However, these studies statically considered provincial businessmen as merchant capitalists, dependent capitalists, or Jao Pho. As a result, they underestimated the dynamic aspect of their business expansion and the variety of their responses to the changing politico-economic situation.
    To the contrary, it is necessary to make thoroughly positive researches of the active behavior of provincial businessmen in the changing conditions in the intra-national and international economy, political power structure, the government's economic and industrial policy, and in relation to external capital. At the same time, it is important to avoid defining a priori the existence, form and role of provincial businessmen.
    Second, full attention should be also paid to the role and function of provincial business associations. It is true that as studies on Jao Pho have already shown, there are big businessmen at the provincial level who can exert great influence (itthiphon) upon provincial government officials and politicians as well as upon the local business world. But at the same time, it should be realized that there are not only such influential businessmen but also many provincial businessmen who make efforts to do business sometimes by cooperating with others through formal business associations at the provincial level (e.g. provincial chambers of commerce). Moreover, provincial business associations increasingly are expanding the scope of their activities.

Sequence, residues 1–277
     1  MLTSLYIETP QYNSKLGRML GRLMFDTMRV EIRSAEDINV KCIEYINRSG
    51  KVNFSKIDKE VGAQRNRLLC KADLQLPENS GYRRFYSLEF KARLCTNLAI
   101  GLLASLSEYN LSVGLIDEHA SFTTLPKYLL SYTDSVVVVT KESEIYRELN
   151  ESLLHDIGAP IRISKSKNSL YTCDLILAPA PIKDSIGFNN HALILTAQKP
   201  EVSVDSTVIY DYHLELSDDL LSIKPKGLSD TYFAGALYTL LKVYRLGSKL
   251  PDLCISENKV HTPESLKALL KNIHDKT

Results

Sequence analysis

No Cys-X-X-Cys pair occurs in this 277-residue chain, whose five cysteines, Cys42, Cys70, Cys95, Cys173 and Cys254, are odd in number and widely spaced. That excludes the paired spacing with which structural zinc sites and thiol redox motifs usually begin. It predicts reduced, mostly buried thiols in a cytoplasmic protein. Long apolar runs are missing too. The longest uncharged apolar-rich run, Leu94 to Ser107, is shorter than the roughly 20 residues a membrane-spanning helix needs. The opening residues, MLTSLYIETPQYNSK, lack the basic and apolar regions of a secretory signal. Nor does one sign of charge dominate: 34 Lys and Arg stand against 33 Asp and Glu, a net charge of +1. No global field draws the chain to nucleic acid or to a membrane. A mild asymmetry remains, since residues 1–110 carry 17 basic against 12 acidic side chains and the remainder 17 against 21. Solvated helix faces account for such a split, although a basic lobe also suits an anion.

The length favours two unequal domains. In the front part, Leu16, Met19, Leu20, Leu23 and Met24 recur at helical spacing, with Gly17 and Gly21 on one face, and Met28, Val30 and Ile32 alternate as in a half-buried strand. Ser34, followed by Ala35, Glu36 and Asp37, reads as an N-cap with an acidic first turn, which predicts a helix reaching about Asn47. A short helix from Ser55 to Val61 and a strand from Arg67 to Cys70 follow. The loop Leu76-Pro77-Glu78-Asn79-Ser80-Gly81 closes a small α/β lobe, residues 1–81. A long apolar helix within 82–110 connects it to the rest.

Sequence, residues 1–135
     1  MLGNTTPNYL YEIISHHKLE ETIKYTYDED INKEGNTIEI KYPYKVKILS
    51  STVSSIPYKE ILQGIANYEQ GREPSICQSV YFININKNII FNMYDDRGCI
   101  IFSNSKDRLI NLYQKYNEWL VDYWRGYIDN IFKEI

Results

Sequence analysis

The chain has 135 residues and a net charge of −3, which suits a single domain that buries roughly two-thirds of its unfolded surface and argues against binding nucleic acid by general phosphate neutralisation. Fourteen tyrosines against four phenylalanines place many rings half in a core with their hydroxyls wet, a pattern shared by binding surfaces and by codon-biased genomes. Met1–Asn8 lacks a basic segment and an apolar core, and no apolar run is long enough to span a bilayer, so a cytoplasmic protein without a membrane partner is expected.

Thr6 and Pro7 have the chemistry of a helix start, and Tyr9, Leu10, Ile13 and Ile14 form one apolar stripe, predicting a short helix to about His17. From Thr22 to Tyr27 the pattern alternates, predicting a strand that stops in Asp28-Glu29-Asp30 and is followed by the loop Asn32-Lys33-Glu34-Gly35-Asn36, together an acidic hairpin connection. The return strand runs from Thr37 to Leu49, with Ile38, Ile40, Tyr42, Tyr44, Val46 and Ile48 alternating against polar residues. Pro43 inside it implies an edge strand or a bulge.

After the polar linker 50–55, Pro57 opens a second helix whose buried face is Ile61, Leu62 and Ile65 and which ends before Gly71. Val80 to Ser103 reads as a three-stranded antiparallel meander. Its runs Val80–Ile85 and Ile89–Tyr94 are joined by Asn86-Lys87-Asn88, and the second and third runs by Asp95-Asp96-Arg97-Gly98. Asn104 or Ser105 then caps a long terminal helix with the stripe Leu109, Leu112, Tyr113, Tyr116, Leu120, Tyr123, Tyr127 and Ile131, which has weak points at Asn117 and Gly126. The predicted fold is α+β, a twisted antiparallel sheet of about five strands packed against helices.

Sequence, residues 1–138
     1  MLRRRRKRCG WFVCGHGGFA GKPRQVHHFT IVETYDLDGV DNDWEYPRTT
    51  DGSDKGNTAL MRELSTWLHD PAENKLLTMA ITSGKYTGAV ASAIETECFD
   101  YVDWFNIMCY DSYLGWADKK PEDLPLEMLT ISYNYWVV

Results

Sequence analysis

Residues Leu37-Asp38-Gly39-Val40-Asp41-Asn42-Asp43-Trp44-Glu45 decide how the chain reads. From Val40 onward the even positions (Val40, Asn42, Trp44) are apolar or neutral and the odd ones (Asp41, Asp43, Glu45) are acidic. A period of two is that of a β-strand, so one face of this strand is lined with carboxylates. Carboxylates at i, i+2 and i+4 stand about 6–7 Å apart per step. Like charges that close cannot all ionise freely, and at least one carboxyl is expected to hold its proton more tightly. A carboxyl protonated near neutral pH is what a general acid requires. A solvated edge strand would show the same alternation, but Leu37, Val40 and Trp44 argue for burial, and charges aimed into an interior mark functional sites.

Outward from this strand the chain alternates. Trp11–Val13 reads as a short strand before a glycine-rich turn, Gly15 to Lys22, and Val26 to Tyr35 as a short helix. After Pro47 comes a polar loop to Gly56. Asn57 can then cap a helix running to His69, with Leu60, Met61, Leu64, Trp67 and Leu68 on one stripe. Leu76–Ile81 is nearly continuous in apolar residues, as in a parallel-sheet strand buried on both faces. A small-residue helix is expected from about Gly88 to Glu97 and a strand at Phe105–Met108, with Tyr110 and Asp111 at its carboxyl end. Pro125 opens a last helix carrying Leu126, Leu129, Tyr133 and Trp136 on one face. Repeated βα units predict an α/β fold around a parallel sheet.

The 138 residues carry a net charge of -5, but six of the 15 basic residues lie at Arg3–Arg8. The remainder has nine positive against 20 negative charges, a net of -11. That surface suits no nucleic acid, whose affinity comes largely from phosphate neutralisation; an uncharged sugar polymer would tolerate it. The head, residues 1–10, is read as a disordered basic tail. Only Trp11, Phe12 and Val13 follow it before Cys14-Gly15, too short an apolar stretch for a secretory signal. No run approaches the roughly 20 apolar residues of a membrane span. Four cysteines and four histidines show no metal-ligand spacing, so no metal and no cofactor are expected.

However, those provincial business associations such as provincial chambers of commerce have a relatively short history and have played still limited roles in the policy-making process of the government. It is necessary, therefore, to conduct further research on the roles and limitation of provincial business associations in terms of their historical background of organizing themselves and the relative position of those associations in the local business world.
    Third and lastly, comparative studies of local cities within Thailand are also necessary. Judging from some cases on which studies of Jao Pho are based, the arguments of those studies may be persuasive. However, studies of other cases indicate that there are at least some cities with a more pluralistic social form to which the Jao Pho model does not apply.
    What socio-economic factors bring about such differences between areas? This is also one of the issues to be further studied.
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  • Atsushi IGARASHI
    1996 Volume 48 Issue 5 Pages 468-481
    Published: October 28, 1996
    Released on J-STAGE: April 28, 2009
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  • differences between travel and everyday experiences
    Akihiro TAKINAMI
    1996 Volume 48 Issue 5 Pages 482-498
    Published: October 28, 1996
    Released on J-STAGE: April 28, 2009
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  • Hirofumi KITAGAWA